Friday, September 17, 2010

"Mr. Clean"

By Jerry Zezima

The Stamford Advocate

If it’s true that one man’s junk is another man’s treasure, I must be the richest man on earth. Or so I thought recently when my wife, Sue, and I embarked on the herculean task -- which even Hercules couldn’t accomplish by himself -- of cleaning the garage.

As it turned out, I’m the man with all the junk. That’s because there wasn’t much to treasure in everything that had accumulated since we moved in a dozen years ago.

I had tried to clean the place a couple of times before, but my efforts were half-hearted and no-brained. Now, Sue said, I had to put my nose to the grindstone, which was hidden in a corner, next to the garage door opener my parents gave us for Christmas 2005, I think, but which we haven’t installed because, let’s face it, why open the door when you can’t get in?

“This place is a mess,” Sue announced as she surveyed the hellhole from the other door.

“It’s not so bad,” I replied as I tripped over a box and almost broke my foot, which would have given me a good excuse to put off the project for another few years.

The box was sitting next to two folding tables, two baby gates, a dog cage, a large wooden board and an oven door.

I found photos of our two grown daughters when they were kids. “Wow, look at these,” I said nostalgically. There also were some shots of Sue and me when we moved into the house. “That was when this mess started,” I remarked.

“You spend more time looking at stuff and reminiscing than actually cleaning up,” Sue retorted.

My main job, I soon learned, was to dig through things that had no earthly value and try to convince Sue that we should keep them. One such item was a book titled “101 Elephant Jokes.” It was in a box with such other literary classics as “How to Eat Fried Worms” and the Britannica Book of the Year for 1971.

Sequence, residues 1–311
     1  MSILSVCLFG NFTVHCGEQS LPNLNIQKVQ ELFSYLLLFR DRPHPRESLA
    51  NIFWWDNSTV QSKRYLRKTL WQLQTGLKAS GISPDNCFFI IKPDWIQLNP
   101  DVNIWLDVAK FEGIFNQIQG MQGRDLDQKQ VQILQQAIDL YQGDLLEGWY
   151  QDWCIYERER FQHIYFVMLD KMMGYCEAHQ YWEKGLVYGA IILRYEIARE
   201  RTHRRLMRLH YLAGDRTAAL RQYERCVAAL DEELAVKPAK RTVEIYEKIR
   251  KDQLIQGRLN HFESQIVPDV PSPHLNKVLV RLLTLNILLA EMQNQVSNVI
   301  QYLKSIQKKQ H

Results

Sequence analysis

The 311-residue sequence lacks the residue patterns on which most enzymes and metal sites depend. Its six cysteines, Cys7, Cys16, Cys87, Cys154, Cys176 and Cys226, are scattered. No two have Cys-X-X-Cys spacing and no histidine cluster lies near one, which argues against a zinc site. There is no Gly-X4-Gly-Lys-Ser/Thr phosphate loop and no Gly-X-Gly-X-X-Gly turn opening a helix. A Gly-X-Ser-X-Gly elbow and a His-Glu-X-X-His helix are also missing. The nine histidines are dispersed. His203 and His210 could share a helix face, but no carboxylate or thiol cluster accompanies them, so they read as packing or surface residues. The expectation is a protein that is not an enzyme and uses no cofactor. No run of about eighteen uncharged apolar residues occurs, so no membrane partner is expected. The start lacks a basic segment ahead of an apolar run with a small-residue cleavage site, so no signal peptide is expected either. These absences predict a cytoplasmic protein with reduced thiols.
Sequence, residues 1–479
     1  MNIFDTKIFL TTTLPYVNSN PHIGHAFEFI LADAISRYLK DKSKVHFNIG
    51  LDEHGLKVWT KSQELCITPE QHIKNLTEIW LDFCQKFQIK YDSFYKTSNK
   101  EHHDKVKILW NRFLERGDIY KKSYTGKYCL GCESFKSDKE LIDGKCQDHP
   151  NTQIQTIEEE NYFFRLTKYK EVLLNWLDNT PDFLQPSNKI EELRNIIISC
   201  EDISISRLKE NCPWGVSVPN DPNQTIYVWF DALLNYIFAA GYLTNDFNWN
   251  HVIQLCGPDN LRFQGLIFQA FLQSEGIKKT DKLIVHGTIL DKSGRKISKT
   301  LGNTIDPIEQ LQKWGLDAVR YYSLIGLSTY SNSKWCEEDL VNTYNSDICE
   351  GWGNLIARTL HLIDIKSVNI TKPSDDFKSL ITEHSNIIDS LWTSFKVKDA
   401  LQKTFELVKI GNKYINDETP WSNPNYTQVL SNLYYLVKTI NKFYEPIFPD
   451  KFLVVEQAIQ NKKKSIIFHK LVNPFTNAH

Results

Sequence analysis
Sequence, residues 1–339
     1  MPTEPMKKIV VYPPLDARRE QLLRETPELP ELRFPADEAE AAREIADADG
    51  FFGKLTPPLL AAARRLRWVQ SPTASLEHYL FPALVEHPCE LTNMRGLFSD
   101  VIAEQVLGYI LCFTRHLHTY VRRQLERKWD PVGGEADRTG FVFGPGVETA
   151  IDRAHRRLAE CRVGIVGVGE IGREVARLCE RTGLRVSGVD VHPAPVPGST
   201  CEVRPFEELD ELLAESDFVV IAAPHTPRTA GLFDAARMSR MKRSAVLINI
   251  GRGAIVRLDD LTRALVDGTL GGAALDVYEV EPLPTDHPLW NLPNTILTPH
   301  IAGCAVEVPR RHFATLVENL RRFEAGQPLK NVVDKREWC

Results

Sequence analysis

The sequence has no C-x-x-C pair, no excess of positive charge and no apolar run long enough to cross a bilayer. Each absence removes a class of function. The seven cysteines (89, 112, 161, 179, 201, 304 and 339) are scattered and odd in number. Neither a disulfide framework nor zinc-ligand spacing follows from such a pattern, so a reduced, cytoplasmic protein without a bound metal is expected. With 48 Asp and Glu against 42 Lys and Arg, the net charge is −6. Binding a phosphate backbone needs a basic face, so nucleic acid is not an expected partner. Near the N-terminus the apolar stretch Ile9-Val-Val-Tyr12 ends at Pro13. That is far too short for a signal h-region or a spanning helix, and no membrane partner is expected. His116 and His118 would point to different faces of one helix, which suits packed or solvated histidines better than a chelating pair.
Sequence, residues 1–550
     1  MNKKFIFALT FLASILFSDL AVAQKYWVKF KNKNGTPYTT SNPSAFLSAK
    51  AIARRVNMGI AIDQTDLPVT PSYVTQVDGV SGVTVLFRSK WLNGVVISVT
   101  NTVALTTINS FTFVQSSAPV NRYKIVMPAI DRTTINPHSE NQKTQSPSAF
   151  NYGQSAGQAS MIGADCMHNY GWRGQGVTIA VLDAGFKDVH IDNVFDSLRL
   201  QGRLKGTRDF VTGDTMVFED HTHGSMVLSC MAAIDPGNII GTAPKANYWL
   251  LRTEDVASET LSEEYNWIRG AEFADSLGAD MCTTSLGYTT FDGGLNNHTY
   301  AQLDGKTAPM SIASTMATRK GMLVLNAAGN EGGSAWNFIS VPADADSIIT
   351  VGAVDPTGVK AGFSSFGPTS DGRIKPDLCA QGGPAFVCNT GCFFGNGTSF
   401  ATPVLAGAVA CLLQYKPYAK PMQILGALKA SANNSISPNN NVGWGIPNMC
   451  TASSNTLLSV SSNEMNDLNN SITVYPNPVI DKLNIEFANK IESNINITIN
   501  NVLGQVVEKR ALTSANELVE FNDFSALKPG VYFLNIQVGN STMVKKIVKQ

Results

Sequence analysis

Sue, meanwhile, was working diligently to decide what stayed (two old bureaus and a long-lost water bottle) and what went (the aforementioned books and, if I didn’t watch out, me).

We also kept -- for now, at least -- the BubbleMate, a luxury foot bubbler that I don’t think has ever been used; a treadmill that, if we someday decided to get in shape, would give us a reason not to throw away the foot bubbler; and a vintage Christmas record by the Chipmunks.

We also found records by such baby boomer icons as Neil Young, Cat Stevens and Steppenwolf. “I’m putting them on eBay,” Sue said.

I found an open box of tissues that probably dated back to the Clinton administration. “Do you want them?” I asked Sue.

“No!” she shot back. “They’re disgusting. I wouldn’t blow my nose in them.”

Speaking of disgusting, I also found petrified goldfish food. Since we no longer have any petrified goldfish, I threw it out.

I kept four toolboxes, three bicycles, two ladders and a partridge in a pear tree, which was in a box of Christmas ornaments.

By the end of the day, we had filled 10 bags and one box for Goodwill. We also filled several garbage bags and a recycling bin. And we’re still not done, though the place is less of a fire hazard and we are a lot closer to actually being able to fit a car in there.

Now Sue wants to have a garage sale. “How are we going to sell the garage without selling the house, too?” I asked. Sue ignored me.

There are, it seems, a few treasures after all, some of which we will try to sell to other people who like to collect junk.

The garage door opener, which may finally come in handy, is not one of them.

Copyright 2010 by Jerry Zezima

Monday, September 13, 2010

"Down to a Science"

By Jerry Zezima

The Stamford Advocate

You don’t have to be a rocket scientist to write a newspaper column, but sometimes it helps to be a nuclear physicist.